Robyn Brentano & Andrew Horn
Cloud Dance, 1980
16mm., color, sound, 13 min
In the short film piece Cloud Dance, the dancer appears in red, spontaneously gliding through a room of hazy soft white. The room is filled with an installation made from 13,000 pieces of string suspended from the ceiling titled “Four Armed Cloud”. Meanwhile, the dancer sweeps his own arms and legs through the height, width, length, and depth of the haze. The repetitious sound of stringed instruments oscillating high-pitched warbling accompany as music in the background (or, is it the foreground?). The dancer moves gently across the screen as the camera cross-fades into an opening appearing to have been made by the dancer’s own hand. Then words emerge: “Get dan-sink, get dan-sink…” “Oh thank you very much, I love you.” “Would it like to die in this choice?” “I should sit on the sun and get some apples.” The dancer continues on, his movements repeat and become more energetic. He leaps in the air. “Hey, you got much power inside to prosper into a leak.” “Hey you got much butterflies in your car…”.
No sense appears to be made in Cloud Dance, except the film itself is an exercise in stimulating the senses of external and internal perception. Standard logic has disappeared. We feel ourselves in the space of the room made more palpable by the hanging threads. We feel the artist’s movements as if they are our own, actually moving through that space. We hear words that repeat and trip over themselves, often sounding like they are being read only for their auditory quality. “Kkkk…” “Kkkk…” “Kkkk…” goes the voice after speaking “dan-sink” over and over. We get a giggle as he talks about butterflies in our car and our power prospering into a leak. We imagine the impossible, it makes us flutter. The dancer is free from gravity, the words are free from conventional boundaries, space is free from conventional meaning. The synching of movement, space, and word bring us to the border of sensory overload. The aesthetic gestures create weightlessness and a sense of euphoria. Its a figurative language outside the realm of what is expected.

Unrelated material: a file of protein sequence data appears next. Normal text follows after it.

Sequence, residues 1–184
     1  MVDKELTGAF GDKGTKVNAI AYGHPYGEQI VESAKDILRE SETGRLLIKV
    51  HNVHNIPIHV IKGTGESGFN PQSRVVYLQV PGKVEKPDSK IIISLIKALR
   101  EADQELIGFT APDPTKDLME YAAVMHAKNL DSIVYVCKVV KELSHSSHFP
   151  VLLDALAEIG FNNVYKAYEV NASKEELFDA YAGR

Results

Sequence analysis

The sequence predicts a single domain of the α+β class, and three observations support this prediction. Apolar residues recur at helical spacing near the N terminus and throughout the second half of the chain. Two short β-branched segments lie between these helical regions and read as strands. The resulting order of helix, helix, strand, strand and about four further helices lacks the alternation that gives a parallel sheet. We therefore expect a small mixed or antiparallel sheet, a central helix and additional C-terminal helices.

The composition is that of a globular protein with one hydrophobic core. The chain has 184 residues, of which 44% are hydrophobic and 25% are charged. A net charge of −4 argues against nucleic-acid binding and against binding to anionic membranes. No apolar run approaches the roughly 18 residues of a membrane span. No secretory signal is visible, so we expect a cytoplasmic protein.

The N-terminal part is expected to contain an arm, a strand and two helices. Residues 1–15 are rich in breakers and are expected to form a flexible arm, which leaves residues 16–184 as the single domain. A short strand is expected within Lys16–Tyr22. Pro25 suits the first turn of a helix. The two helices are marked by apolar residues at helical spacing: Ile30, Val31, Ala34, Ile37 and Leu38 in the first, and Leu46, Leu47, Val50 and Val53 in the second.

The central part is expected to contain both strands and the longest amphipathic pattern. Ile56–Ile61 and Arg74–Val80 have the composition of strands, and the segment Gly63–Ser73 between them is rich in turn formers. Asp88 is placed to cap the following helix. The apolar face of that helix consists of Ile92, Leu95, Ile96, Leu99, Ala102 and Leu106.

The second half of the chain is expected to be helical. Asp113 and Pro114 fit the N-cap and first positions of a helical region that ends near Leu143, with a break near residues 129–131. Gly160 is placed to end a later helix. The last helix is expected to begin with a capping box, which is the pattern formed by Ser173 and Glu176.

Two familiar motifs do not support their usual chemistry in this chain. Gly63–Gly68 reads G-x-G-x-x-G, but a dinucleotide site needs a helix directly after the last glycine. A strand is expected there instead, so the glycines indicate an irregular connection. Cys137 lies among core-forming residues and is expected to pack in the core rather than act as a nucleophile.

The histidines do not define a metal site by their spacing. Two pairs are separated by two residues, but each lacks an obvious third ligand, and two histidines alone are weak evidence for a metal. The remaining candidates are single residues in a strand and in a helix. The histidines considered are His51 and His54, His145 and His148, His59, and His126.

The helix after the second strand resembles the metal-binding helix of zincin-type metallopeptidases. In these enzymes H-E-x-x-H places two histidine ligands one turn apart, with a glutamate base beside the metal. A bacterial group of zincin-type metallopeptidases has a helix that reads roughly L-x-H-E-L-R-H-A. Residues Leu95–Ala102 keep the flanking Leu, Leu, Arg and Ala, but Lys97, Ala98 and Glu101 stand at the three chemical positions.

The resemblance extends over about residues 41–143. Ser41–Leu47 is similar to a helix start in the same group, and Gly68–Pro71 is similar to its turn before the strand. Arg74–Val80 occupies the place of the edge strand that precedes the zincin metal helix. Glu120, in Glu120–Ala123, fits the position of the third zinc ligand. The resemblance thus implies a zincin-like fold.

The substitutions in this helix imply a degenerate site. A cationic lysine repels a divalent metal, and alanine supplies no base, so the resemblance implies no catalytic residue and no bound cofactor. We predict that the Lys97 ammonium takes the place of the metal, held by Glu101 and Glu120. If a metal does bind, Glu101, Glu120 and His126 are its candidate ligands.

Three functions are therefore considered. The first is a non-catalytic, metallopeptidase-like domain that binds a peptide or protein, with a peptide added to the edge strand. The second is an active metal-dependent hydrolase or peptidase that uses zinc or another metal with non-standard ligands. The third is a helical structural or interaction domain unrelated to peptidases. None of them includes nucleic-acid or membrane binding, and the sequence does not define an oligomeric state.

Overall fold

Cloud Dance reminds us that going with what we know: formulas, expectations, and the plans as given to us are sometimes better thrown out the window. Often its the unlikely combination of several independent things coming together that moves us. Its also often ways of doing things and their quality that speak more pristinely to us than what is said by design or conceit. Cloud Dance takes us back to a place that has been preserved outside of time, where our perception of movement, space, and their aesthetic atmosphere can be grasped internally.
Cloud Dance is currently on view in the group exhibition “Making Knowing: Craft in Art, 1950–2019” at The Whitney Museum of American Art from Nov 22, 2019–Feb 2022 the
Above: film stills from Cloud Dance, 1980
Directed by Robyn Brentano & Andrew Horn
16mm., color, sound, 13 min
Choreography and performance by Andy de Groat.
Installation, Four Armed Cloud by Lenore Tawney, a translucent maze of over 13,000 linen threads at the New Jersey State Museum.
Music by Michael Gelasso
Poetry by Christopher Knowles, read by Arby Ovanessia
Artwork courtesy and © the artists